Tribal curriculum aims to break down stereotypes

By Linda Shaw
Kingston, Washington (AP) June 2010

Randi Purser stands before a group of middle-school students, a dozen woodcarving tools spread before her. As she explains why she started carving a few years ago, she interweaves the history and culture of her tribe, whose reservation is just down the road from Kingston Middle School.

She tells the students how Suquamish tribal members once carved everything from totem poles to boxes and tools. How she dives for geoducks to make a living, under her tribe’s treaty rights.

Purser’s visit isn’t just a one-shot glimpse into the world of a nearby tribe.

Throughout the semester, a few teachers here have infused lessons about Washington tribal history and culture into state history classes, part of an effort to encourage all schools to do the same.

The goal is to increase understanding about tribes across the state 
Faeuro” their histories, their cultures and especially their existence as sovereign nations.

“We really want to break down a lot of the stereotypes and misconceptions that people have about the tribes and tribal people,” said Denny Hurtado, state director of Indian education, and one of the project’s leaders.

With the 1974 Boldt decision, which reaffirmed tribal fishing rights in Washington, “people were saying things like, ‘Why do these Indians have special rights?’ “ Hurtado said. “If they really understood the history and the truth, they would understand that we’ve always had these rights.”

Right now, most Washington students learn little about Native Americans, and even less about tribes in Washington state, where there are 29 federally recognized tribes 
Faeuro” more than all but a handful of other states.

Textbooks don’t help much – the one Kingston Middle School uses for state history ends its discussion of Native Americans around 1877.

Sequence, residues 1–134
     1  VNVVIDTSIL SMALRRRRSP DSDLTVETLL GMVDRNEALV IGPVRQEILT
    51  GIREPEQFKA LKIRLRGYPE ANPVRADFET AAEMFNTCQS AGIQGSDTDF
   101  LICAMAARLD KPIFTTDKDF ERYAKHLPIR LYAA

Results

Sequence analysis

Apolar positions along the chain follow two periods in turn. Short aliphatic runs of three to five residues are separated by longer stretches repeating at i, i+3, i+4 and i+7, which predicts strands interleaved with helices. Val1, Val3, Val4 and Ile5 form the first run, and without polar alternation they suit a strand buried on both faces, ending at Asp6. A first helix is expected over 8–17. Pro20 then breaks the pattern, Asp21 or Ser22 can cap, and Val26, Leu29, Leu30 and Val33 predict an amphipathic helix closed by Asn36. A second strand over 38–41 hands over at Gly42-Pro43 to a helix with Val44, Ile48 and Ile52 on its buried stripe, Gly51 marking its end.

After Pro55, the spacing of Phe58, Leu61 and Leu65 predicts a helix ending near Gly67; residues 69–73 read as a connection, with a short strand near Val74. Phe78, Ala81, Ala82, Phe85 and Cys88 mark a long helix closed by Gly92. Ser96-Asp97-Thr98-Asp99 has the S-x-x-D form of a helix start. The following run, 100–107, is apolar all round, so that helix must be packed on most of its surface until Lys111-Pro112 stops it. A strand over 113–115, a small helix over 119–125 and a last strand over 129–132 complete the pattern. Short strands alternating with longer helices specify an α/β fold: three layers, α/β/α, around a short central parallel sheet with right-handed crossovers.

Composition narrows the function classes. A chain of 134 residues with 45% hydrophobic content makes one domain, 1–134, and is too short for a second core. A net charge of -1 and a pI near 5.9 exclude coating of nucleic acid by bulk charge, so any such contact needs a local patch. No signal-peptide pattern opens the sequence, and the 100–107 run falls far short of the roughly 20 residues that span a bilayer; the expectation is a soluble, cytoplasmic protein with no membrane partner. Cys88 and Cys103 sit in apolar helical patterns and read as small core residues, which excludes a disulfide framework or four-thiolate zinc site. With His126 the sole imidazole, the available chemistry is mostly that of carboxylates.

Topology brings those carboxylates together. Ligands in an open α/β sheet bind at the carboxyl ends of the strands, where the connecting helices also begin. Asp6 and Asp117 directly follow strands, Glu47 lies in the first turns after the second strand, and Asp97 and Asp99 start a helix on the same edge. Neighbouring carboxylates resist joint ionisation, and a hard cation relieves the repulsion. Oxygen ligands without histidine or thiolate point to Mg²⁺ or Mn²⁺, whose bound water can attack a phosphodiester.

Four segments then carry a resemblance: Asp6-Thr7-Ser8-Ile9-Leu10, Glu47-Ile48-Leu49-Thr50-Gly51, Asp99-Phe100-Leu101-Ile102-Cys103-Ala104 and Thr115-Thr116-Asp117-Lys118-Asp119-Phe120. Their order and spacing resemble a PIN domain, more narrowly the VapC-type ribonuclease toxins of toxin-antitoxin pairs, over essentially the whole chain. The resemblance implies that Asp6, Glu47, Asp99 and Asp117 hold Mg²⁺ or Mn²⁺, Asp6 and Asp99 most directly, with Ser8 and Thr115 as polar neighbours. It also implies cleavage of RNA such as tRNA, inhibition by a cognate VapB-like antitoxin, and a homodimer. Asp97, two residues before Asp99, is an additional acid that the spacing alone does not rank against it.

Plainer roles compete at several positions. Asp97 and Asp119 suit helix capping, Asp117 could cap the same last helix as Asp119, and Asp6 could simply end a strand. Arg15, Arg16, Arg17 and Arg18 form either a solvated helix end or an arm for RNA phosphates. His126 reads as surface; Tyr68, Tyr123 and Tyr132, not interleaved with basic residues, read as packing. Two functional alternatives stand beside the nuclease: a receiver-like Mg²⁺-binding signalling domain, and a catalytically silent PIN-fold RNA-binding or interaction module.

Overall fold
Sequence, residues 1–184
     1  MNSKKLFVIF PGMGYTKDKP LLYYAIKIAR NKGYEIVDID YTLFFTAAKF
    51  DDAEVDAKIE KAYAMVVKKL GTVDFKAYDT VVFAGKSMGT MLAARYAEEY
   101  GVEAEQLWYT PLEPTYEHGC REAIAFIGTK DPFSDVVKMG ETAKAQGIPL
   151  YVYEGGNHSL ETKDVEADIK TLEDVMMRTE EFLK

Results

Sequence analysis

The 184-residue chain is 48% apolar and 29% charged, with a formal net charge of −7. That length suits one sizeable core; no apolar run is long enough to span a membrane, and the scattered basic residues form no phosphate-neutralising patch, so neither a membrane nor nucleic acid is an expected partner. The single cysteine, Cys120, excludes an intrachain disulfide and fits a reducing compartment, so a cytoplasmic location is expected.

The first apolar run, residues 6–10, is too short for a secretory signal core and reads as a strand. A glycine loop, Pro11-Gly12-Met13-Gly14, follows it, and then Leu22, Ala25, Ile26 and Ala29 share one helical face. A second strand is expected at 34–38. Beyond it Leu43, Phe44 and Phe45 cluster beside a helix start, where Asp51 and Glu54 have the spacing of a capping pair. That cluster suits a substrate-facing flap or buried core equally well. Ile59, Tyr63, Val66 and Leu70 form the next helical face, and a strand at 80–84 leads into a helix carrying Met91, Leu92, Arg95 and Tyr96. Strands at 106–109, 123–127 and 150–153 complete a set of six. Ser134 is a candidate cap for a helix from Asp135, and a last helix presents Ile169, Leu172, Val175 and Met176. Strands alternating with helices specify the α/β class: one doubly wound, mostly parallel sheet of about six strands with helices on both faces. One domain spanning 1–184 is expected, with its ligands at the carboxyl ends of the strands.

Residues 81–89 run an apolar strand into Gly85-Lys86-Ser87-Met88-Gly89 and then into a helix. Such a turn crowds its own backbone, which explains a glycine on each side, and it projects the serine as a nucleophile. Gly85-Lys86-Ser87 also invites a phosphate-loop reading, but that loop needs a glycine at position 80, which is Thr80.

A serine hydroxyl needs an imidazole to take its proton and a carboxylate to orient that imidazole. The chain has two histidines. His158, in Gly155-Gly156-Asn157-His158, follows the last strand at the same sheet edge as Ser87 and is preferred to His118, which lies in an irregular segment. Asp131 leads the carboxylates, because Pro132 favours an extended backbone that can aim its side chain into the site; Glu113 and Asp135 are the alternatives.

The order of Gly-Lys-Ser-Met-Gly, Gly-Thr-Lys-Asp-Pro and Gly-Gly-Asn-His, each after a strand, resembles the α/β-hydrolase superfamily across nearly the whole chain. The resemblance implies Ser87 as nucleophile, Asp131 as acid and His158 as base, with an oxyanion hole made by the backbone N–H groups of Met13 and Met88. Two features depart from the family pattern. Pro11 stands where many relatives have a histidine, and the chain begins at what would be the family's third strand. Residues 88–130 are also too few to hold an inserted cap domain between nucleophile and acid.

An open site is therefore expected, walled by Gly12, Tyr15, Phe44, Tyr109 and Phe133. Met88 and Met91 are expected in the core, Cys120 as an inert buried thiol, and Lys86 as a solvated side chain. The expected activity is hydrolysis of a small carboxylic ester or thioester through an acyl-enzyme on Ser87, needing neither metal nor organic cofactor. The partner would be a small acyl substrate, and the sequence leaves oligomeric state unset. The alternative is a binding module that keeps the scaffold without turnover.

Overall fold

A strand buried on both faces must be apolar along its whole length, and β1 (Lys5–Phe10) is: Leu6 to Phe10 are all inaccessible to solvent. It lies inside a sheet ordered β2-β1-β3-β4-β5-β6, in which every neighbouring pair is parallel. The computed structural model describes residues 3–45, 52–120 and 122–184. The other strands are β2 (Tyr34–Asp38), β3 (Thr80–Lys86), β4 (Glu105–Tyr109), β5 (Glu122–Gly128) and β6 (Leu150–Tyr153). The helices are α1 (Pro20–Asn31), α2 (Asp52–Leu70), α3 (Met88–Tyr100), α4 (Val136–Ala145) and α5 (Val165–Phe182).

Even in Kingston, where students live within minutes of reservations belonging to the Suquamish and Port Gamble S’Klallam tribes, many know little more than their names.

Many teachers shy away from teaching more because good materials have been hard to find, and they fear getting it wrong.

“It’s truly just out of not knowing,” said Gayle Pauley, of the state education department. “I used to teach third grade ... and there were so few authentic resources, it always bothered me.”

Seven years ago, tribal leaders from across the state set out to change that.

They told then-Gov. Gary Locke they wanted to require school districts to teach tribal history and culture. In 2004, state Rep. John McCoy, a member of the Tulalip Tribes, introduced a bill that would have done that. It failed that year, but a year later legislators approved a bill that encouraged districts to do so.

For the past two years, the tribes, the state and 14 schools have worked together to create and refine a curriculum covering tribal history, culture and sovereignty, and to establish partnerships between tribes and school districts.

This fall, the curriculum 
Faeuro” which may be the first of its kind in the nation 
Faeuro” will be available online for any teacher or school to use.